January 2024

Physically Active Adults with Low Back Pain do not Demonstrate Altered Deadlift Mechanics: A Novel Application of Myotonometry to Estimate Inter-Muscular Load Sharing

Authors: Jared M. McGowen 1, Stephanie R. Albin 2, Carrie W. Hoppes 3, Jeffrey S. Forsse 1, John Abt 4, Shane L. Koppenhaver 5


  1. Health, Human Performance, and Recreation, Baylor University
  2. School of Physical Therapy, Regis University
  3. Army-Baylor University Doctoral
  4. Program in Physical Therapy, Baylor University
  5. Children’s Health Andrews Institute for Orthopaedics and Sports Medicine
  6. Doctoral Program in Physical Therapy, Baylor University

Journal: International Journal of Sports Physical Therapy - January 2024, Volume 19, Issue 1, Pages 1462-1472 (DOI: 10.26603/001c.90707)

  • These findings contribute to the growing body of literature regarding how muscle stiffness relates to LBP and how myotonometry may be used to monitor for neuromuscular deficits that have been difficult to reliably quantify with other clinical methods.

Background: Rehabilitation clinicians that work with physically active populations are challenged with how to safely return patients back to performing deadlift movements following low back injury. Application of reliable and valid tests and measures to quantify impairments related to low back pain (LBP) enhances clinical decision making and may affect outcomes. Myotonometry is a non-invasive method to assess muscle stiffness which has demonstrated significant associations with physical performance and musculoskeletal injury.

Hypothesis/Purpose: The purpose of this study was to compare the stiffness of trunk (lumbar multifidus [LM] and longissimus thoracis [LT]) and lower extremity (vastus lateralis [VL] and biceps femoris [BF]) muscles between individuals with and without LBP during the lying, standing, and deadlifting body positions.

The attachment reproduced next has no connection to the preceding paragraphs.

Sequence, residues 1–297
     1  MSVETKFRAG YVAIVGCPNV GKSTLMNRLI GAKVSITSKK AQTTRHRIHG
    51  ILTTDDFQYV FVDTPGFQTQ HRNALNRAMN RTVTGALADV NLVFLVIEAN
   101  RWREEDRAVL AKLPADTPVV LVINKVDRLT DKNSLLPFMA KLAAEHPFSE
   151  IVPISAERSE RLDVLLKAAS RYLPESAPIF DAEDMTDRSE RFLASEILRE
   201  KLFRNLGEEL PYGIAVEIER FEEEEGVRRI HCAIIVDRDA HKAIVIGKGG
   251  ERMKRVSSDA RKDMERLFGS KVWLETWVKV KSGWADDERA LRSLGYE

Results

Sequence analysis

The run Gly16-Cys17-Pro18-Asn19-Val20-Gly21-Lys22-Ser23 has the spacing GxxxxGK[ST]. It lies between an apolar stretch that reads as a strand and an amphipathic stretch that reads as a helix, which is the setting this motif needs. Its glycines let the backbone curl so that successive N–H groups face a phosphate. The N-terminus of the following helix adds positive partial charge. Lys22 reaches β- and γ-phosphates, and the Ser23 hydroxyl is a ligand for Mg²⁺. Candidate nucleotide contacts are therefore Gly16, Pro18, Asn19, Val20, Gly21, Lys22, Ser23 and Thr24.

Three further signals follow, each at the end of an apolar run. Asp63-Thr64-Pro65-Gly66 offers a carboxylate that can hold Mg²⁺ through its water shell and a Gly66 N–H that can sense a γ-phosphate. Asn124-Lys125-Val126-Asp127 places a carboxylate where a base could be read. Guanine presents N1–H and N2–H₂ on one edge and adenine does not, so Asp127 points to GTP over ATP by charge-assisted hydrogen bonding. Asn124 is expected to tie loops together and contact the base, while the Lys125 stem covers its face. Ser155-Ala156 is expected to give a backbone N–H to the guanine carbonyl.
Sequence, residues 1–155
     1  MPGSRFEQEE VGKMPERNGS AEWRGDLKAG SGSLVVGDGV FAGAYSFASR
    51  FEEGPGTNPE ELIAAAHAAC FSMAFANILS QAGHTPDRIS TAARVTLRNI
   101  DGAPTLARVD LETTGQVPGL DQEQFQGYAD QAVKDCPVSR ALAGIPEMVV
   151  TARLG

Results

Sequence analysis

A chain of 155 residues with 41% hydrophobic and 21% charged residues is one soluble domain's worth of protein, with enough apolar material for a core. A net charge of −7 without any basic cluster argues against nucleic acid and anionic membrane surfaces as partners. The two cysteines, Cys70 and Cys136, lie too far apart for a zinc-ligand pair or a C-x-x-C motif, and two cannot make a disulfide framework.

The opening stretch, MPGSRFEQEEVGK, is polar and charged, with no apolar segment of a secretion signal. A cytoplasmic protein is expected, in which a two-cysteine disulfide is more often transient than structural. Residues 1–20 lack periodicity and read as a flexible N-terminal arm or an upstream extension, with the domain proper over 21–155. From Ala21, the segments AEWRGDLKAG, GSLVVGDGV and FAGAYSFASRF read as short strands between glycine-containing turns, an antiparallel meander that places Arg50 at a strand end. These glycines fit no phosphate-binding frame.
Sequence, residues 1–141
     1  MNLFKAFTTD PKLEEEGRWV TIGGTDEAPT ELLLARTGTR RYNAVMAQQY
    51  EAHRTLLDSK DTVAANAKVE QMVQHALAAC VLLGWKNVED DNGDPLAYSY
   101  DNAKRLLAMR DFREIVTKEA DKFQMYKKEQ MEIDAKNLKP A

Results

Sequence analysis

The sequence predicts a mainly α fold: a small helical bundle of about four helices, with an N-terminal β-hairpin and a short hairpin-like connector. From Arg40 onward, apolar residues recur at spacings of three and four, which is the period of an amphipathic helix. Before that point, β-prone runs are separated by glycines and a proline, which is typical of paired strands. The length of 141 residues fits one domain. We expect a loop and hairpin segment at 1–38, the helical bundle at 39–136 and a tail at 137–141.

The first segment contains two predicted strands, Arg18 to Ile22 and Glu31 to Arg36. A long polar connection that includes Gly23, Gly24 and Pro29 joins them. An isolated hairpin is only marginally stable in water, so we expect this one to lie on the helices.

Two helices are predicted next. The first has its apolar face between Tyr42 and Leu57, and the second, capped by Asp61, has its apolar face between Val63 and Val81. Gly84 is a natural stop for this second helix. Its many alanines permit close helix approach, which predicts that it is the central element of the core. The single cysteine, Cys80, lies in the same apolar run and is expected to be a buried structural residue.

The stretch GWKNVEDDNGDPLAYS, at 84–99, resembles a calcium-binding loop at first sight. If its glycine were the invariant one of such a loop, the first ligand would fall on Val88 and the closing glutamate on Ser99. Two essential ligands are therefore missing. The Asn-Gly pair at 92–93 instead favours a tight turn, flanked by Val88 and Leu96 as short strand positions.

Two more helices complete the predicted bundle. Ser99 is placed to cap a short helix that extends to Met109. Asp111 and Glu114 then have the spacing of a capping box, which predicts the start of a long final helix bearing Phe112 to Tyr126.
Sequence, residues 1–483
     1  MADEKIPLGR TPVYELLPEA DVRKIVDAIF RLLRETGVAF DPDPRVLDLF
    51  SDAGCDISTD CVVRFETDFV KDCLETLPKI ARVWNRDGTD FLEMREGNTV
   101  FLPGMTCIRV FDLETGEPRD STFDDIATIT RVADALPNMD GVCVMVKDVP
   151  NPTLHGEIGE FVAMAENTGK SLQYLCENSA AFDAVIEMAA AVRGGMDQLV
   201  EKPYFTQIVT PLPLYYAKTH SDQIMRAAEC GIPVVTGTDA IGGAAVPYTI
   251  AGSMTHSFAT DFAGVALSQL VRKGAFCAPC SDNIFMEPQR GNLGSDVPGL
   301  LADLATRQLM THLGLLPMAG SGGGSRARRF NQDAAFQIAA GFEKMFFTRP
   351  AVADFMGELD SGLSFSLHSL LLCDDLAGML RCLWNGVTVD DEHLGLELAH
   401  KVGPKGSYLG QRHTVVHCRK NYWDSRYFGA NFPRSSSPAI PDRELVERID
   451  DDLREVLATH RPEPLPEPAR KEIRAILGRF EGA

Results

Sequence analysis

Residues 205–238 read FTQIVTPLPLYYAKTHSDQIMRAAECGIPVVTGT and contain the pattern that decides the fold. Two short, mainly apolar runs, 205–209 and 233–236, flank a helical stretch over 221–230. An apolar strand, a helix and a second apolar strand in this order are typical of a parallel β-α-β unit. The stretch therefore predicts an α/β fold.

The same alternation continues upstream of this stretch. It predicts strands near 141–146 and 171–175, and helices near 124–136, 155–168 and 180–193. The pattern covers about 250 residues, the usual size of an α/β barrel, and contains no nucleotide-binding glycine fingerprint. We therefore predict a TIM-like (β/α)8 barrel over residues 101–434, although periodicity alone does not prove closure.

Study Design: Cross-sectional cohort comparison.

Methods: Muscle stiffness measures were collected in the VL, BF, LM, and LT muscles with participants in lying (supine and prone), standing, and the trap bar deadlift position. Separate analyses of covariance were conducted to compare absolute and relative muscle stiffness between the groups for each muscle and condition.

Results: Sixty-eight participants (41 female, 21.3 years, 34 LBP) volunteered for the study. Within the deadlift condition there was a significantly greater increase in the percent-muscle stiffness change in the VL (p = .029, 21.9%) and BF (p = .024, 11.2%) muscles in the control group than in the LBP group. There were no differences in percent-muscle stiffness changes for the standing condition nor were there any absolute muscle stiffness differences between the two groups for the three conditions.

Conclusion: No differences in muscle stiffness were identified in the lying, standing, or deadlifting conditions between participants with and without LBP. Differences in percent stiffness changes were noted between groups for the deadlift position, however the differences were modest and within measurement error. Future studies should investigate the utility of myotonometry as a method to identify LBP-related impairments that contribute to chronic and/or recurrent low back injury.


Figure 2. Obtaining stiffness measure of the lumbar multifidus muscle with the MyotonPRO.


Keywords: muscle stiffness, neuromuscular function, rehabilitation, clinical decision making

The results of this study indicate that no significant differences in muscle stiffness exist between participants with LBP and healthy controls in the lying, standing, or deadlifting conditions. Although differences in percent-muscle stiffness changes were noted between groups for the deadlift position, the differences were within measurement error. Future studies should seek to expand on these findings by using myotonometry to further investigate the relationships between muscle stiffness and deadlift performance in LBP populations of varying degrees of pain and/or disability.